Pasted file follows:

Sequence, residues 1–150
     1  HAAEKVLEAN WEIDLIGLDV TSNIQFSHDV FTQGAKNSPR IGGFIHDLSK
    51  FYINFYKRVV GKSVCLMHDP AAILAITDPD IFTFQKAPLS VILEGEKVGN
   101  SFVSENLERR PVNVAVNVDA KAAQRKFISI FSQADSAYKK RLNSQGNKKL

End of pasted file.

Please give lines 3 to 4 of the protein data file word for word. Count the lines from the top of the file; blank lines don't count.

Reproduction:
    51  FYINFYKRVV GKSVCLMHDP AAILAITDPD IFTFQKAPLS VILEGEKVGN
   101  SFVSENLERR PVNVAVNVDA KAAQRKFISI FSQADSAYKK RLNSQGNKKL